• I rarely go back to a book, since I never feel sufficiently caught up in my own work. However, a few years ago, on a stalled expedition, I had an opportunity to reread The Idiot, which I’ve always thought of as “my favorite novel” (if such a thing can be; the great ones are no more comparable than the sun and the sky). I wanted to see if that book held up — if it was as heartbreaking and magnificent as I once thought it, and of course it was. Whereas — well, let’s simply say that most modern novels, even the better ones, are pretty dinky in ambition and certainly unworthy of a second reading when one knows that great ones are still out there unread. … I admire many of my contemporaries, especially those who risk something or bring some new element to their work. … Of course, there are single novels that are excellent, but what interests me most is the working through from book to book of some recurrent obsession or at least preoccupation, a reverberation from within, which may burst the work wide at any moment, though it often seems half-hidden from the writer. What I’m trying to describe, I guess, is conflagration, a life burning up, as lives do in Dostoyevsky. Obsession that isn’t crazed or criminal is always enthralling.

Quotes about Matthiessen edit

  • Toni Morrison, Kay Boyle, Philip Roth, Peter Matthiessen, Anne Tyler, and Rosellen Brown read an unknown manuscript and responded with those quotes and marks of approval that appear on book jackets. These were completely unsolicited and I still find it remarkable that these writers, overwhelmed with pleas and manuscripts, picked up Love Medicine and responded. There were a great number of people kind along the way. One hears much more about the egomania and posturing of writers than one does about the devotion that writers have for one another's work.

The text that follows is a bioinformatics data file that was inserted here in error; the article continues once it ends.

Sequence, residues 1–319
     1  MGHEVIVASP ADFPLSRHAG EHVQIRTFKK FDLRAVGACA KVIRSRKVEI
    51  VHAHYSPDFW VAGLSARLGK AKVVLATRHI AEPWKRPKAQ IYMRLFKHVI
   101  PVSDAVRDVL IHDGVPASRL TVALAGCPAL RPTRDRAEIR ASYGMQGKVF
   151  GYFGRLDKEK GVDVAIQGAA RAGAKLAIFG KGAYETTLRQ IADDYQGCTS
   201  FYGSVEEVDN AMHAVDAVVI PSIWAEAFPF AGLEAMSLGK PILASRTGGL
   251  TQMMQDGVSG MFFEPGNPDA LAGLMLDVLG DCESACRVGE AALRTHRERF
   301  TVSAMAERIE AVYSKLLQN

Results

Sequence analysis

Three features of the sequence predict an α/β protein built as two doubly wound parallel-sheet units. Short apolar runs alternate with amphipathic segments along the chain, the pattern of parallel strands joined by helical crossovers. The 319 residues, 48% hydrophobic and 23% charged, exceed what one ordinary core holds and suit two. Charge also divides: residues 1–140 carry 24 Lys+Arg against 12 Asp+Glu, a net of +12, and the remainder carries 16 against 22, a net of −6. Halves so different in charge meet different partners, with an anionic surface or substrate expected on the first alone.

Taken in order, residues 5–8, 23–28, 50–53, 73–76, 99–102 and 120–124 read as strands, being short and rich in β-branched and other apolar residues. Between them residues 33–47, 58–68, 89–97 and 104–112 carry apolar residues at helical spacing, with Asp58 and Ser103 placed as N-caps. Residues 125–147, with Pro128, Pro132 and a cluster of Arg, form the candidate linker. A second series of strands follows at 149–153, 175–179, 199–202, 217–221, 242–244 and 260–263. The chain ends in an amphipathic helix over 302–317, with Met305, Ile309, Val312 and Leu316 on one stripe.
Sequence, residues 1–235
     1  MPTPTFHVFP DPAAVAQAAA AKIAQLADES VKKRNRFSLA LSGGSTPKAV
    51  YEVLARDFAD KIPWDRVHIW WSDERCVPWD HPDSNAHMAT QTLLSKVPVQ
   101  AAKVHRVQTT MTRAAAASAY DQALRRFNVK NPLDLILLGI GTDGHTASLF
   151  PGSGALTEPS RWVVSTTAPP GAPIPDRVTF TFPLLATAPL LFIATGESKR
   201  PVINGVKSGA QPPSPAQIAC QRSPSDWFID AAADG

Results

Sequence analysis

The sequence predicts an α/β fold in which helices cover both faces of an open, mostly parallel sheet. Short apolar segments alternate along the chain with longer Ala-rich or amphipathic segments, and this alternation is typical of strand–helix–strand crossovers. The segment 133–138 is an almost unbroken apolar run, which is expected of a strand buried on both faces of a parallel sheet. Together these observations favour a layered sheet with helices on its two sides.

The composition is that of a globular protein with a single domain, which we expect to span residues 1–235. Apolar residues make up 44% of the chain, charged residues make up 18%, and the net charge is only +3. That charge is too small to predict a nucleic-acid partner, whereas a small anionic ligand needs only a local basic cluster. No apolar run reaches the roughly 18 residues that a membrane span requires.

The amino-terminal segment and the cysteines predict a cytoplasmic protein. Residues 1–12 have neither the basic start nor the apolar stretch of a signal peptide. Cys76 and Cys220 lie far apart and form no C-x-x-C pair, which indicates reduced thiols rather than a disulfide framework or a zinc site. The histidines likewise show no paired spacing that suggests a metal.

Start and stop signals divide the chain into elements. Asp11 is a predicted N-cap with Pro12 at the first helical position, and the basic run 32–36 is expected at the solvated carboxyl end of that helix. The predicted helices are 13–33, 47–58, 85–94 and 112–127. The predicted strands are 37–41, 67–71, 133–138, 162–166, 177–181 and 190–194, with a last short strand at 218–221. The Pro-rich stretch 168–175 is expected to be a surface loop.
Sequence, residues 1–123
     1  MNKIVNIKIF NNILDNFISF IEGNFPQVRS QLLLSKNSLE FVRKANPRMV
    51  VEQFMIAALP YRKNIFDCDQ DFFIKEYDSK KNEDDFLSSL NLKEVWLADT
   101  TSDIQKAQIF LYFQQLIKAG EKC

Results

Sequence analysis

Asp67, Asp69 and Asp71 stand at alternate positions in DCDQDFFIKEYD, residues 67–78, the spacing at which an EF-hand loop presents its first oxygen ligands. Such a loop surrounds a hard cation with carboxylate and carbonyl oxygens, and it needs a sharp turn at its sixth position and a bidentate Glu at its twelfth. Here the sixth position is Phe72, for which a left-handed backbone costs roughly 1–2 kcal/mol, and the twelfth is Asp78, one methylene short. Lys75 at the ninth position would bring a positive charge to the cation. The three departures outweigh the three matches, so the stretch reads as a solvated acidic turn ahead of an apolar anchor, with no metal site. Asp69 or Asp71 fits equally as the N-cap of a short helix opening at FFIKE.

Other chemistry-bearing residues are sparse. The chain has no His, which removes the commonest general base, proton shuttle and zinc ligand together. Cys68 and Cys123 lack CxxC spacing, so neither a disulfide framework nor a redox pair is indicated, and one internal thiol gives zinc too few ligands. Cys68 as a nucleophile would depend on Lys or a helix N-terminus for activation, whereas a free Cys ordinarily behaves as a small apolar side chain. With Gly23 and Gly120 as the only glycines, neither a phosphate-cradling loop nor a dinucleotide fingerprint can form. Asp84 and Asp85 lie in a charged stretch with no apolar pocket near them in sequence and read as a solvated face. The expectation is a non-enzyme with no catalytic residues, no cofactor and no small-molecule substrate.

• Peter Matthiessen’s writing — fiction and nonfiction — does not provide approximations. What it does do with inimitable skill is put a reader at the live heart of life — a powerful, rich sense of immediacy, of being in that moment. … He is a man of tough-minded opinion, deeply earned and forthrightly rendered, with passion and quick humor ringed with what one writer calls a "useful melancholy." … There is, to my mind, no writing life more vital and of greater distinction in the second half of our century. Matthiessen’s prodigious and varied works led William Styron to call him "an original and powerful artist . . . who has produced as distinguished a body of work as any writer of our time . . . He has immeasurably enlarged our consciousness."
  • "Warbler Woods" (For Peter Matthiessen) Never too proud to tip his head back./To gaze, look beyond.../He knew the names of every warbler,/stitched inside his skin,/the seven eagles, graceful cranes, he followed them/to tucked-away forests and creeks, could see/a slightest flicker of movement,/a nesting memory, how the world was once,/would never be again./He could stand under skies for hours,/never weary of their habits, never tire.

External links edit

Wikipedia has an article about: